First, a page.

Data in the Classroom: curriculum guides for using real scientific data to investigate earth processes. (National Oceanic and Atmospheric Administration).

Sunday, January 27, 2013


What Psychologists Do

    Industrial-organizational psychologists apply psychological research and methods to workplace issues. Psychologists study mental processes and human behavior by observing, interpreting, and recording how people and other animals relate to one another and the environment.
Psychologists typically do the following:
  • Conduct scientific studies to study behavior and brain function
  • Collect information through observations, interviews, surveys, tests, and other methods
  • Find patterns that will help them understand and predict behavior
  • Use their knowledge to increase understanding among individuals and groups
  • Develop programs that improve schools and workplaces by addressing psychological issues
  • Work with individuals, couples, and families to help them make desired changes to behaviors
  • Identify and diagnose mental, behavioral, or emotional disorders
  • Develop and carry out treatment plans
  • Collaborate with physicians or social workers to help treat patients
    Psychology seeks to understand and explain thoughts, emotions, feelings, and behavior. Depending on the topic of study, psychologists use techniques such as observation, assessment, and experimentation to develop theories about the beliefs and feelings that influence a person’s actions.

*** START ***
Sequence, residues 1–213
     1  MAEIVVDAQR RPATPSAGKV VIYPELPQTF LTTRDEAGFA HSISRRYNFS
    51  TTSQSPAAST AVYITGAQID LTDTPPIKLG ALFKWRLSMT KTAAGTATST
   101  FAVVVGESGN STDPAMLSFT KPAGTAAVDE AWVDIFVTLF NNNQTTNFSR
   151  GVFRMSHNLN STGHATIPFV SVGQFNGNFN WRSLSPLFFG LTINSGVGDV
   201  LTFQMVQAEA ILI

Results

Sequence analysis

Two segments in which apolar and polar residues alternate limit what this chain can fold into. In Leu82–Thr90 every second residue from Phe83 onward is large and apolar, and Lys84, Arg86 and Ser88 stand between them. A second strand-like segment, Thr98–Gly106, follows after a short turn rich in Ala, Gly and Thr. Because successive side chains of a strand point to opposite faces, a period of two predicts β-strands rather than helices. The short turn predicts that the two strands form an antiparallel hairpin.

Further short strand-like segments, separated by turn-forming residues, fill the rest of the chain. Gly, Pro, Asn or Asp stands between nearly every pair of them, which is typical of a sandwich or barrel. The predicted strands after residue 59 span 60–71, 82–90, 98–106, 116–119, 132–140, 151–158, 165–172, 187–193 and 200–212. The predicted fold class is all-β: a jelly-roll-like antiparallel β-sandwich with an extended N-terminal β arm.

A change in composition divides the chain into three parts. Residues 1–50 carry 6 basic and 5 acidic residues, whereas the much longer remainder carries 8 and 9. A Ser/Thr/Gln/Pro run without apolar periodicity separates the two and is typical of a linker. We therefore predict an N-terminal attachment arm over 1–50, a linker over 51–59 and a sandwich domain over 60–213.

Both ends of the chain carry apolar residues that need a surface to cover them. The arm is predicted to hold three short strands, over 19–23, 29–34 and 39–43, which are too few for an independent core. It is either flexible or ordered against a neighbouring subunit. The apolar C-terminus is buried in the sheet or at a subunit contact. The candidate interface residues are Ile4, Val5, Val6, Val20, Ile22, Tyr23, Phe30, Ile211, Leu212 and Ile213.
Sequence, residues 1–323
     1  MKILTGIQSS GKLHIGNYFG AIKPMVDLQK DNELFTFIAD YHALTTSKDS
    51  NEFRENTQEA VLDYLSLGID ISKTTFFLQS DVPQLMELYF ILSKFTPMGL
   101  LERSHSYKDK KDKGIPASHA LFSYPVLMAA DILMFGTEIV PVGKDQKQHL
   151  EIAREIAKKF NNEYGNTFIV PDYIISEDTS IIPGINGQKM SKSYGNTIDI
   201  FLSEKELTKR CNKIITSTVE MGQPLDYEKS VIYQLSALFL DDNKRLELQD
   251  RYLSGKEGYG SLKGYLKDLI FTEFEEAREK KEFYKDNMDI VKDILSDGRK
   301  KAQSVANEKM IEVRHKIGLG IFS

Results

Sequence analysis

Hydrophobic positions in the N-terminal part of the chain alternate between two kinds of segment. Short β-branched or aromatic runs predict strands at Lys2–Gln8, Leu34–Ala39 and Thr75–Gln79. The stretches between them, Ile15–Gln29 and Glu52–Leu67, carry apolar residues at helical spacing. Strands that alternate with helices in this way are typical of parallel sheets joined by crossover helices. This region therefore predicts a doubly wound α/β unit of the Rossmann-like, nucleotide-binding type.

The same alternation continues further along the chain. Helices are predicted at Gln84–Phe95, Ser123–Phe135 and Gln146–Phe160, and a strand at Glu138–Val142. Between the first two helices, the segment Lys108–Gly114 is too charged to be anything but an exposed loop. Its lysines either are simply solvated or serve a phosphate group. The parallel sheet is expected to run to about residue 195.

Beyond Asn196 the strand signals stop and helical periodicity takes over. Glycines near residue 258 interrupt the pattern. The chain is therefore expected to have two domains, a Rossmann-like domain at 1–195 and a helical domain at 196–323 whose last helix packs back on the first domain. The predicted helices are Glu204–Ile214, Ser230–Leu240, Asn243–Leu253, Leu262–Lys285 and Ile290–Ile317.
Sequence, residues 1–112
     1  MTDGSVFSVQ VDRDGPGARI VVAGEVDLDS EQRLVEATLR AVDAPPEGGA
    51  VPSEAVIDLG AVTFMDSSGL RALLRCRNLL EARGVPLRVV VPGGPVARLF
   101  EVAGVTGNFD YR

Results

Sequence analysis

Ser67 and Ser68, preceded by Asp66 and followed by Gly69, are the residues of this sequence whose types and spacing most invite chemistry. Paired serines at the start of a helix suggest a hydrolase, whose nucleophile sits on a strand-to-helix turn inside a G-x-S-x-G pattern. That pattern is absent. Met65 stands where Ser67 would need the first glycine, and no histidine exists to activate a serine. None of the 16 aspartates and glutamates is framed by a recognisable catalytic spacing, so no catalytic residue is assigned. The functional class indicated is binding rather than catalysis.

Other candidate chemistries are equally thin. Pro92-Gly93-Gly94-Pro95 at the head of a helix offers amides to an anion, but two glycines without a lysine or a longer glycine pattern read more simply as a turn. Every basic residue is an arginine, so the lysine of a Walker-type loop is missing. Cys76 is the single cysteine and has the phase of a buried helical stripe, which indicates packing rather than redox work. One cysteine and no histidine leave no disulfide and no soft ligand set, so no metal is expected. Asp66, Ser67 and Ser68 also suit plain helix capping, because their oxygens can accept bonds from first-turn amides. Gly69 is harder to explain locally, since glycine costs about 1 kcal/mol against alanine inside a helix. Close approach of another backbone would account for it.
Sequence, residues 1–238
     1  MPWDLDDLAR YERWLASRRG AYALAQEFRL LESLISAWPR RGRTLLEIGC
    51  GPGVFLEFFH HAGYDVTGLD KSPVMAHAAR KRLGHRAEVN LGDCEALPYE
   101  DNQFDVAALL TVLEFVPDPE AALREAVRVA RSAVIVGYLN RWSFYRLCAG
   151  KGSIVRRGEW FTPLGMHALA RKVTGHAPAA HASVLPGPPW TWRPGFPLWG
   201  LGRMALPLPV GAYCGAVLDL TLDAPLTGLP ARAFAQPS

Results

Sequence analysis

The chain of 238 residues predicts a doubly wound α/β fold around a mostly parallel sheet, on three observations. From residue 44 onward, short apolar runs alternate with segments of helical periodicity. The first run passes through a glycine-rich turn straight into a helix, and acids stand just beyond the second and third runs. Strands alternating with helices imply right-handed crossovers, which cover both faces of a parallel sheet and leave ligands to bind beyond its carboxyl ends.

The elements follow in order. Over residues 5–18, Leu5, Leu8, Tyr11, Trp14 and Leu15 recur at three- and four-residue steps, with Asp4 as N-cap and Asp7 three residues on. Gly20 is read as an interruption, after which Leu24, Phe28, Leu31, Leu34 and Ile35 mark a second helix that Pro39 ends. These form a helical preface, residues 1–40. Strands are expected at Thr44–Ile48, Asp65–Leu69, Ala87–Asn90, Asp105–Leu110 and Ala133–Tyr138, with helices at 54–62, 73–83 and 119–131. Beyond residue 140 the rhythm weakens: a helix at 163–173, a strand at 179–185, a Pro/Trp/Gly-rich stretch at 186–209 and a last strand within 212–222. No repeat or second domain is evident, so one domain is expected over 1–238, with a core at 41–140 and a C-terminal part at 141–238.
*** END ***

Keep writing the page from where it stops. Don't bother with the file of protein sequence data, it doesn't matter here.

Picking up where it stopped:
Psychologists often gather information and evaluate behavior through controlled laboratory experiments, psychoanalysis, or psychotherapy. They also may administer personality, performance, aptitude, or intelligence tests. They look for patterns of behavior or cause-and-effect relationships between events, and use this information when testing theories in their research or treating patients.

The following are common occupational specialties:

Clinical psychologists assess, diagnose, and treat mental, emotional, and behavioral disorders. Clinical psychologists help people deal with problems ranging from short-term personal issues to severe, chronic conditions. Clinical psychologists are trained to use a variety of approaches to help individuals. Although strategies generally differ by specialty, psychologists often interview patients, give diagnostic tests, and provide individual, family, or group psychotherapy. They also design behavior modification programs and help patients implement their particular program. Some clinical psychologists focus on certain populations, such as children or the elderly, or certain specialties, such as the following:
Health psychologists study how psychological factors affect health and illness. They educate both patients and medical staff about psychological issues, and promote healthy-living strategies. They also investigate health issues, such as substance abuse or teenage pregnancy, and develop programs to address the problems.